When we arrived in Cuernavaca we stopped at a great little pizza joint with a huge old-fashioned pizza oven for an early dinner. It literally beat the whole of Italy in the pizza competition, but maybe that was just because I was so hungry from the drive. Our night in Cuernavaca was hilarious. I tried to keep up with the Spanish and they all translated for me when they felt like it. Also, I managed to understand the rules of all the drinking games so that was enough really! When I woke up at 9am the guys were still drinking…Mexicans party hard!

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City of the Gods

The day after our bender, very early, we decided it was the appropriate time to take a tour (with the same crazy tour guide) to see the ancient Mesoamerican site Teotihuacan. We had a few stops while I was still half asleep to view various churches and ruins that weren’t all that exciting at that time of the morning. Until we reached a cathedral that was so beautiful that I had to perk up and take some pictures.




Eventually, we started heading out of town toward the main attraction, which was about an hour’s drive. When we were sufficiently in the middle of nowhere of inland Mexico, we stopped at a little place with a buffet lunch laid out for us. I have today had my first Mexican dish which was too spicy to handle! It was an onion and fresh chilli salad, and on second thought, it should have been obvious that it would be insanely spicy. We also learnt here about all the things which can be made from the cactus plant.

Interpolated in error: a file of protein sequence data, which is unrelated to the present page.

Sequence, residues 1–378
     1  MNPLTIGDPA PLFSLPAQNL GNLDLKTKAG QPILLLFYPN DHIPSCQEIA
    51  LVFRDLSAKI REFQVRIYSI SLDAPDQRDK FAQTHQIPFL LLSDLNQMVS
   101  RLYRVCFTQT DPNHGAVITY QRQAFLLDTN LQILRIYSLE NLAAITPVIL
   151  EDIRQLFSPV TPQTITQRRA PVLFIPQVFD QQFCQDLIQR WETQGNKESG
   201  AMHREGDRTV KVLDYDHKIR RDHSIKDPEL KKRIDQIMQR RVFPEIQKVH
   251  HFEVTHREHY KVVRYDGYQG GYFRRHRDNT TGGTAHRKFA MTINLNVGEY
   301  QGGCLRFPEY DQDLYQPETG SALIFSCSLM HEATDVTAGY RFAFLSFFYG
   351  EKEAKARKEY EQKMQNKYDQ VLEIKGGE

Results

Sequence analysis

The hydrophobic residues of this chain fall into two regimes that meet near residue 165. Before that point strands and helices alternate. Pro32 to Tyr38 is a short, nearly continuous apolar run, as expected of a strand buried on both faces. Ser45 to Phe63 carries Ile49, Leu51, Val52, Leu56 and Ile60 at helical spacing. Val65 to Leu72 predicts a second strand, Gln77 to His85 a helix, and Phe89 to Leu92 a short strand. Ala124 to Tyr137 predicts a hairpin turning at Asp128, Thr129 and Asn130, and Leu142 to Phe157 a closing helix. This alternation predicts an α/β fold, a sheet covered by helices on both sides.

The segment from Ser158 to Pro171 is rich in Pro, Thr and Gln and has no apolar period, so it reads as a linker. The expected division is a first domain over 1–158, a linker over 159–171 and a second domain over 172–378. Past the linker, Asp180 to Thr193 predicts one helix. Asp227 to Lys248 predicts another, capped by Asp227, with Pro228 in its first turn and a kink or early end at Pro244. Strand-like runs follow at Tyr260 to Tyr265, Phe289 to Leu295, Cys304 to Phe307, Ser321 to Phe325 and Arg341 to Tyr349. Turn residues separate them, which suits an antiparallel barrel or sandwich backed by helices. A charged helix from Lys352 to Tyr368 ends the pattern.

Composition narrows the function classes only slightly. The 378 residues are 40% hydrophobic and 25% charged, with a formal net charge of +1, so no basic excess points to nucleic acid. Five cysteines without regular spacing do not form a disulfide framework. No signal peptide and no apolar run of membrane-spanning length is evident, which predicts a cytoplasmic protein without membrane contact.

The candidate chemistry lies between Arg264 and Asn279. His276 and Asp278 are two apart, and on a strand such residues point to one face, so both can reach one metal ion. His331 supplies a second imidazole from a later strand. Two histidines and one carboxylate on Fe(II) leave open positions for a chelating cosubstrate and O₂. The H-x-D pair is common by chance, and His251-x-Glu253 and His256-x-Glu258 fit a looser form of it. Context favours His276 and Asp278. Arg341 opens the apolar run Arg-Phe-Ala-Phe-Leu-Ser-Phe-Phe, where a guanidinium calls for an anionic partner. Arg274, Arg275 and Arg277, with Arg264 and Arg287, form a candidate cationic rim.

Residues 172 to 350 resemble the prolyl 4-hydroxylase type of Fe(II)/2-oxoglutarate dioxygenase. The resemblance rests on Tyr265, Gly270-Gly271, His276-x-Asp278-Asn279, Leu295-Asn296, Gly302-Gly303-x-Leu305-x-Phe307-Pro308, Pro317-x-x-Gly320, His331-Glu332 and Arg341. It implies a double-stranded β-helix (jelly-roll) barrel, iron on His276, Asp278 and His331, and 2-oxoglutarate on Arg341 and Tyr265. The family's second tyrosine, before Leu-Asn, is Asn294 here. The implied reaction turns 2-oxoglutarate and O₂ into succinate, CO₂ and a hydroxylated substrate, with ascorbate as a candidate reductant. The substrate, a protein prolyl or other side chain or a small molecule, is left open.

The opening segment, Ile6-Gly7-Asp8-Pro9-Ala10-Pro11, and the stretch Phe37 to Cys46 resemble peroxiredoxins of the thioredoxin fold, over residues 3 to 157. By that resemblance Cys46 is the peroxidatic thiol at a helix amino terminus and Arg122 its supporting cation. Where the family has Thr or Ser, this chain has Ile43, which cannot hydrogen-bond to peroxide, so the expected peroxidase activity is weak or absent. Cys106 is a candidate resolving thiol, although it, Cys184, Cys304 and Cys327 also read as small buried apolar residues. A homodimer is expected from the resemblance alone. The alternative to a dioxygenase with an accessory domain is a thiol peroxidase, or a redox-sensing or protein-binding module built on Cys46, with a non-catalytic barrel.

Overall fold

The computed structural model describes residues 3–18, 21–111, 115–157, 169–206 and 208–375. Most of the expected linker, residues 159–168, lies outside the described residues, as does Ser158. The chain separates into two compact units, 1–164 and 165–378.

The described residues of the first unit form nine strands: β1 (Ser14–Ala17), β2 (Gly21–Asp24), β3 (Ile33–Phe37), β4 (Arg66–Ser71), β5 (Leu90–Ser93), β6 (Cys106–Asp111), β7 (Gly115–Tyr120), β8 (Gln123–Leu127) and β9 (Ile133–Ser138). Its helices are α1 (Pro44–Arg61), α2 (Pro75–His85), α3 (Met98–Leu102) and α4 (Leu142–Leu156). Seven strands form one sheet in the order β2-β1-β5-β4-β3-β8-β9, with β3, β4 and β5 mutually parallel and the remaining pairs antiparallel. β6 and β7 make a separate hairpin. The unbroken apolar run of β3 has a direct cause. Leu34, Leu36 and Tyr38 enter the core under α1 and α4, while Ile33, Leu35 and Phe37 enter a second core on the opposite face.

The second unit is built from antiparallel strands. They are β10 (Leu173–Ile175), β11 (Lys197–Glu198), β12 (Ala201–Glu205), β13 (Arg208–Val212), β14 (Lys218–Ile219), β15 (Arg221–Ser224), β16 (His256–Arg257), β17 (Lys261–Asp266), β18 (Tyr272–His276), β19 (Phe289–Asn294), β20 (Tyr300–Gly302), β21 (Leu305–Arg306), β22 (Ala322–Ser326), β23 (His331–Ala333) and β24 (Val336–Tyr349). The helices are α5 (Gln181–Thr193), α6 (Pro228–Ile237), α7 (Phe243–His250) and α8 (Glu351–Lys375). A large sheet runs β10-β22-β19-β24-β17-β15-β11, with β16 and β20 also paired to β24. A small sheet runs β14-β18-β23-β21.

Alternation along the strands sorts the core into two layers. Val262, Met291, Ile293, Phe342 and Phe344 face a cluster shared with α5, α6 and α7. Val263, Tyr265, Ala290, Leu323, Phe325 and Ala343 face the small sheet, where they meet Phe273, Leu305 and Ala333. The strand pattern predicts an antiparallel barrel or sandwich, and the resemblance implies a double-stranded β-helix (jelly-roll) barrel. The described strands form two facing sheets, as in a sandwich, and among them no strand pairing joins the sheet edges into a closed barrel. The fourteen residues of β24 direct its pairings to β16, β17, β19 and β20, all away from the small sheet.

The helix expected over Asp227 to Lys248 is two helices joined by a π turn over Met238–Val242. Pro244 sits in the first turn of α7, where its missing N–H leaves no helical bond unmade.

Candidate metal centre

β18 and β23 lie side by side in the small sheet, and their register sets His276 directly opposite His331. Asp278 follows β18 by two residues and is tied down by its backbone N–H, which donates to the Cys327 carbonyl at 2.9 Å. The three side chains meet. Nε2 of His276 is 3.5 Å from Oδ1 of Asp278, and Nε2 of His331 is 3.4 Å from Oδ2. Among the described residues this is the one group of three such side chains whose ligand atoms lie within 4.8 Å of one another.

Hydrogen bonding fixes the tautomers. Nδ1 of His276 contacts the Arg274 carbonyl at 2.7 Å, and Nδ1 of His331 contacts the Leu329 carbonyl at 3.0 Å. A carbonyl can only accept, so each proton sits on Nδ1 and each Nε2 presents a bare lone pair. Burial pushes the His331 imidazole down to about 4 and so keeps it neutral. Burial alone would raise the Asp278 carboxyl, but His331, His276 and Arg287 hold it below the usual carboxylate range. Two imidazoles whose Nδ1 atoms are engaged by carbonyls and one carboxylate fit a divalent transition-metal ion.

The pyramids are breath-taking. The site that exists today is thought to be only 17 percent of what it once was. Large mounds of earth can be seen for miles around that were likely to have been pyramids in the past but have not yet been excavated. There are two major pyramids on the site, one of which cannot be climbed up all the way as the top is damaged. At the first pyramid, some of the guys raced up the steps. You can see how crazy that is in the photo below. I walked and I was still exhausted when I reached the top!


On the top of the next pyramid, we spent a long time sitting in the cool breeze at the top admiring the view before heading back to the Centro Historico for dinner and drinks.